7. Bowa
8. Appling
9. Concepcion
10. Maranville
11. Trammell
14. Campaneris
15. Larkin
   10. baxter Posted: May 24, 2021 at 10:33 PM (#6020673)
Jimmy Rollins & Maury Wills
Dick Groat? Joe Cronin?

Frank Crosetti?
George(?) Davis 19th century player inducted into HOf?
Marty Marion?
   11. Walt Davis Posted: May 24, 2021 at 11:12 PM (#6020678)
Rollins is #6. The others no.
   12. baxter Posted: May 24, 2021 at 11:13 PM (#6020679)
Also, Tejada, Griffin or Tony Fernandez (although Fernandez must have played too many games at 3b/2b?)
   13. Walt Davis Posted: May 24, 2021 at 11:17 PM (#6020681)
Time for some easy hints. There's one HoFer and one probably should be HoFer.

Not so easy hints for the other 4: An RoY, a guy who played for 11 different teams, a 2-time AS for the Reds, and a 19th-early 20th century guy who was so mediocre I got no clues.
   14. Walt Davis Posted: May 24, 2021 at 11:17 PM (#6020682)
#12: no, no, no.
   15. DL from MN Posted: May 24, 2021 at 11:18 PM (#6020683)
Marty Marion is a good guess, so is Cronin. Jim Fregosi? Honus Wagner isn't on the list? Bill Dahlen and George Davis are probably the dead ball guys. Pee Wee Reese missed a bunch of time to WWII but I think he's on there. Lou Boudreau is my last guess.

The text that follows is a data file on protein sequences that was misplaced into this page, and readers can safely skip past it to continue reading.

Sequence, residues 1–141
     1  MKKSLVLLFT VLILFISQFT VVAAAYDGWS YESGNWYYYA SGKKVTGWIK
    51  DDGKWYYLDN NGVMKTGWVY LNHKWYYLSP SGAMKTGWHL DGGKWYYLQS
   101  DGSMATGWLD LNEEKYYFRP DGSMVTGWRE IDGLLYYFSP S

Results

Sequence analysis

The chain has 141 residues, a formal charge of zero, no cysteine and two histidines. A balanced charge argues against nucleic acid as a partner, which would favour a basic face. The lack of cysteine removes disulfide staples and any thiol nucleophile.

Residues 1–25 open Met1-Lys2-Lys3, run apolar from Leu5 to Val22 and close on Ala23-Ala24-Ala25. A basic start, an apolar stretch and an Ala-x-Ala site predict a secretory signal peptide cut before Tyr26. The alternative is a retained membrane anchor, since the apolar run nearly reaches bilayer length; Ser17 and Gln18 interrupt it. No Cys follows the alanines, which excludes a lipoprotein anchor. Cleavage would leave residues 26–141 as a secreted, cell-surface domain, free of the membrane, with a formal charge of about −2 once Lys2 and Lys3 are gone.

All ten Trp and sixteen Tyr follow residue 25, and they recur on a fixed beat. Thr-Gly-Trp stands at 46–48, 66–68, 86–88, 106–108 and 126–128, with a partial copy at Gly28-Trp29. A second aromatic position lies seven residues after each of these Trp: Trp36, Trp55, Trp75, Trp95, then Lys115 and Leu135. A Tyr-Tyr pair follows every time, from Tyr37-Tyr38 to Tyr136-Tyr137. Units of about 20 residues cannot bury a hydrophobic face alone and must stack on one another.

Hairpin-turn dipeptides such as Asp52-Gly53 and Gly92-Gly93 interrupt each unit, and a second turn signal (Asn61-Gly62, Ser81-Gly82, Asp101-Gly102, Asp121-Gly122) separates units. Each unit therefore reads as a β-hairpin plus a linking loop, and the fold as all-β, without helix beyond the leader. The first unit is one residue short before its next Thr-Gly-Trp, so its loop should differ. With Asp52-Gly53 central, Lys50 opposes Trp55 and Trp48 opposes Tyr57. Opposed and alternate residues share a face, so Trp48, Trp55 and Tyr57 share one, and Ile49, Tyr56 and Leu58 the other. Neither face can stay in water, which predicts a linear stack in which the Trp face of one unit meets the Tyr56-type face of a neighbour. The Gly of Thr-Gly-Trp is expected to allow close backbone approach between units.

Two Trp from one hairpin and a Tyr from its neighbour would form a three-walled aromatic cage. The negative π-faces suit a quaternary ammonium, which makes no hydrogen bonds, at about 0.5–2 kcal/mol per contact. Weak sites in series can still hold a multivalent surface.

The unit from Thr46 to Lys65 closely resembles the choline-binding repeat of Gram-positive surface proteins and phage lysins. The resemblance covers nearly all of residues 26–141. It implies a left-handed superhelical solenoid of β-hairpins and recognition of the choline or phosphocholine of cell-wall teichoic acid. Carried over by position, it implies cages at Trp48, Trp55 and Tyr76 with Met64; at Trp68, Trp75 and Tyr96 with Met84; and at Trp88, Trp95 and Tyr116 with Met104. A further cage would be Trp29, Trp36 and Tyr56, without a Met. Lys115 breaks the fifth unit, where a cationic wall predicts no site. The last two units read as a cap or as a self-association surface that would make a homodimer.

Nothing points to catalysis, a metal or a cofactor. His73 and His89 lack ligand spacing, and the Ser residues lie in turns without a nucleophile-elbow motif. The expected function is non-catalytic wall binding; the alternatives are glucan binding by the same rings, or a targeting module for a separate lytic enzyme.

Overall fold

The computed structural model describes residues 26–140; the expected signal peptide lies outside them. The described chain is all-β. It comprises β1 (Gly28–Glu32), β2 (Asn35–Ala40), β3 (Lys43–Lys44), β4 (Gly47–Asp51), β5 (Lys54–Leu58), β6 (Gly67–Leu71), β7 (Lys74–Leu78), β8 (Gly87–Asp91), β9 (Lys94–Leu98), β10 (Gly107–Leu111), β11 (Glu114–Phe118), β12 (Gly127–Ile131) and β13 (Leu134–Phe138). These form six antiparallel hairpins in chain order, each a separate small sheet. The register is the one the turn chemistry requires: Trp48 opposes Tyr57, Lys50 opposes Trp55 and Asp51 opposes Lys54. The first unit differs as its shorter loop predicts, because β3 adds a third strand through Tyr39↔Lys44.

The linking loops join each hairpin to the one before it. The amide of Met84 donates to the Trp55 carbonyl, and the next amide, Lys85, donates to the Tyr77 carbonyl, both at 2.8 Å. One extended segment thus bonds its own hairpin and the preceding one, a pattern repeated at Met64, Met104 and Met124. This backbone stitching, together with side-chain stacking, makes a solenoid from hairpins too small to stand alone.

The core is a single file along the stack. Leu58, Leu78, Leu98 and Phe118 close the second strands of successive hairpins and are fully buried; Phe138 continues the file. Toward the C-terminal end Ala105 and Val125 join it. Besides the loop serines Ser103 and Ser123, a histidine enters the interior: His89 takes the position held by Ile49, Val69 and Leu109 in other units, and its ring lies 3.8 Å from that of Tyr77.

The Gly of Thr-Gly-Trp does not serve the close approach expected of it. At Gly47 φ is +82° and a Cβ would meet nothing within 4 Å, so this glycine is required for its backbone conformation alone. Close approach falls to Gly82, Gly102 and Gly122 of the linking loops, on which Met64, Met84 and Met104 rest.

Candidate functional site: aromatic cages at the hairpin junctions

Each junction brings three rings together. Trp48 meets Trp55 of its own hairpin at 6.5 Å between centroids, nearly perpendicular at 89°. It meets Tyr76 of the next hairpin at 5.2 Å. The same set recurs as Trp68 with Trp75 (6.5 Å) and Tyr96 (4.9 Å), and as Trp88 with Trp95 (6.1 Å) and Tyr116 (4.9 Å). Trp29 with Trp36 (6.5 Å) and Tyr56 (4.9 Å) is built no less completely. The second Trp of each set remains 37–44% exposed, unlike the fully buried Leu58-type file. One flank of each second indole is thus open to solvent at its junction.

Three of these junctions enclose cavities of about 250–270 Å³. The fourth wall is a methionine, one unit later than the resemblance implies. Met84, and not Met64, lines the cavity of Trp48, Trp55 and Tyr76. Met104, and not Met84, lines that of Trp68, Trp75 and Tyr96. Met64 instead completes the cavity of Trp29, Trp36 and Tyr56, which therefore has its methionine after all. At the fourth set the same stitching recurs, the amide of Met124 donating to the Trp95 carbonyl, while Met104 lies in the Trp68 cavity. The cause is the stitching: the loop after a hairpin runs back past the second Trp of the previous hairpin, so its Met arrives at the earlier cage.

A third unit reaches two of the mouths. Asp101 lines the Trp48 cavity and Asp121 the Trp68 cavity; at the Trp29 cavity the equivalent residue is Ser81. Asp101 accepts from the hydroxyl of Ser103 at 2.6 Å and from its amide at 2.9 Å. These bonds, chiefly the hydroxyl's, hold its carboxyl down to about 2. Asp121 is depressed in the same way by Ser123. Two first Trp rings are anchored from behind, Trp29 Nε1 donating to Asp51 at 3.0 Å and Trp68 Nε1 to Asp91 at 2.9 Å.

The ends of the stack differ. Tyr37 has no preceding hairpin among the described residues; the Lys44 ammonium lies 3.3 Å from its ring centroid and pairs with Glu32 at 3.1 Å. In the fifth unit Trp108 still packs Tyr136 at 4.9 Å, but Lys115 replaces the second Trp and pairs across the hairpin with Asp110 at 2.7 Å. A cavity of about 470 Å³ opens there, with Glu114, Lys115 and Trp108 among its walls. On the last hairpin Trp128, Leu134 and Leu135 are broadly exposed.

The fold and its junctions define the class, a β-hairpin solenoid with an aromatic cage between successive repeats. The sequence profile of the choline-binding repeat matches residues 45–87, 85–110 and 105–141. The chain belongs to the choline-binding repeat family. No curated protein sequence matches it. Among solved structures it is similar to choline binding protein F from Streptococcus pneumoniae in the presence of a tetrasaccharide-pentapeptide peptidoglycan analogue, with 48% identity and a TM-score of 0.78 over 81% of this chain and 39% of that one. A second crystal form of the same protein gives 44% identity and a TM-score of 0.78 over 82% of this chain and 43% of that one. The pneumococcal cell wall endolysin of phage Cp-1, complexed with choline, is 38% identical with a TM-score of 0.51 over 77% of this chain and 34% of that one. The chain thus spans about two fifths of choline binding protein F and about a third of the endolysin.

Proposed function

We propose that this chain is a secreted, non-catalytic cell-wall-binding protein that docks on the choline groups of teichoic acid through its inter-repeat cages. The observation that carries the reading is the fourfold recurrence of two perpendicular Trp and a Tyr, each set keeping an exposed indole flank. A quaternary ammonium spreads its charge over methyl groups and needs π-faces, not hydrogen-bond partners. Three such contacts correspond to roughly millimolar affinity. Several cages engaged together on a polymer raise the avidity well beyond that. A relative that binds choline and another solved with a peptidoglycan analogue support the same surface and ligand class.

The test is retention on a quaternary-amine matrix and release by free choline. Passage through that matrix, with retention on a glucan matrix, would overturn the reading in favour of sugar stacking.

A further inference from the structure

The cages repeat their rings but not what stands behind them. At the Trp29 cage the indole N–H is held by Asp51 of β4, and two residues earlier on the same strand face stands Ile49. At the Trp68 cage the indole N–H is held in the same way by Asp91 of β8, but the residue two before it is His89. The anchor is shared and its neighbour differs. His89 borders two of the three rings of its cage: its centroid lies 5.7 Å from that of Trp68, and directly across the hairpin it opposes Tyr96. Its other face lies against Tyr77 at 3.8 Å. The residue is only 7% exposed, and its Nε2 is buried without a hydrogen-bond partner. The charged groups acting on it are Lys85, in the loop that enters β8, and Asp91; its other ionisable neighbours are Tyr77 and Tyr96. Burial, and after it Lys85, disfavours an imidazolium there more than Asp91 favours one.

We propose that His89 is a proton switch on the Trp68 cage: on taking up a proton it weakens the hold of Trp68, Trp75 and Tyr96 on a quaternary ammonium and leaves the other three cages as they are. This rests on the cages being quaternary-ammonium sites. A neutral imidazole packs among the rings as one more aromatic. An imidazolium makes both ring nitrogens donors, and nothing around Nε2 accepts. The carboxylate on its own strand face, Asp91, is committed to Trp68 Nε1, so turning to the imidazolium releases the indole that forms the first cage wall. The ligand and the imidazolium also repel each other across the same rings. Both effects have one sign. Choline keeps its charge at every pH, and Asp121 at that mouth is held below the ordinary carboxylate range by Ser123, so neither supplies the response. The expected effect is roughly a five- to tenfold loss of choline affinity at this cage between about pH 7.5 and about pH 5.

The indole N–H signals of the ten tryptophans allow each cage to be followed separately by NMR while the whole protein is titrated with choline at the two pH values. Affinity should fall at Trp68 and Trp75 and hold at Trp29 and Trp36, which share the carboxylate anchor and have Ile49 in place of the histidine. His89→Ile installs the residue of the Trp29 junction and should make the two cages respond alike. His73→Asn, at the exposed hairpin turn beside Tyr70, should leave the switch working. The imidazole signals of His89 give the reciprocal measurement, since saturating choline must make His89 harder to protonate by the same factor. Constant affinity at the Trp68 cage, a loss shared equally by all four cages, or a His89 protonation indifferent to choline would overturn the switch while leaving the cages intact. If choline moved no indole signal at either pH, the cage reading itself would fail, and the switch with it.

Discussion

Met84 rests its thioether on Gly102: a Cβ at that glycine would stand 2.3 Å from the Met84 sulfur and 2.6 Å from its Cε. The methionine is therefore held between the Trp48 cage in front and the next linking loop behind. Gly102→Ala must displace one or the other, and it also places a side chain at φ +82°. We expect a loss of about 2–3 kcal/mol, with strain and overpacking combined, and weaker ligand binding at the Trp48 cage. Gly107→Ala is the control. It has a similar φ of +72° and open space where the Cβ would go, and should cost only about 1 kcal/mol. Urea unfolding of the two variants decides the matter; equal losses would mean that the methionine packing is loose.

16. Walt Davis Posted: May 24, 2021 at 11:35 PM (#6020687)
Dahlen and Reese are yes, the shoulda and is HoFers. Otherwise no to #15.

1. Omar
2. Jeter
3. Aparicio
4. Ozzie
5. Ripken
6. Rollins
7. Bowa
8. Appling
9. Concepcion
10. Maranville
11. Trammell
12. Dahlen
14. Campaneris
15. Larkin
19. Reese

Lunch break over, I'll be back in a couple of hours by which time you're probably all asleep anyway.
   17. baxter Posted: May 24, 2021 at 11:36 PM (#6020688)
Roy McMillan & Kid Gleason

I think Reese is a great guess, also Fregosi, but then again, my record on guessing is pretty bad (anybody want to buy a Beanie Baby?).
   18. DL from MN Posted: May 24, 2021 at 11:40 PM (#6020689)
2-time AS for the Reds

   19. DL from MN Posted: May 24, 2021 at 11:43 PM (#6020692)
a guy who played for 11 different teams

Edgar Renteria didn't quite hit 11
   20. The Yankee Clapper Posted: May 25, 2021 at 12:03 AM (#6020695)
a guy who played for 11 different teams
Sounds like the well-traveled Royce Clayton.
   21. the Hugh Jorgan returns Posted: May 25, 2021 at 12:06 AM (#6020696)
I cheated. I would have never guessed 16, 17 and 18 on the list.
   22. baxter Posted: May 25, 2021 at 01:17 AM (#6020705)
Shawn Dunston?
   23. Joyful Calculus Instructor Posted: May 25, 2021 at 01:32 AM (#6020706)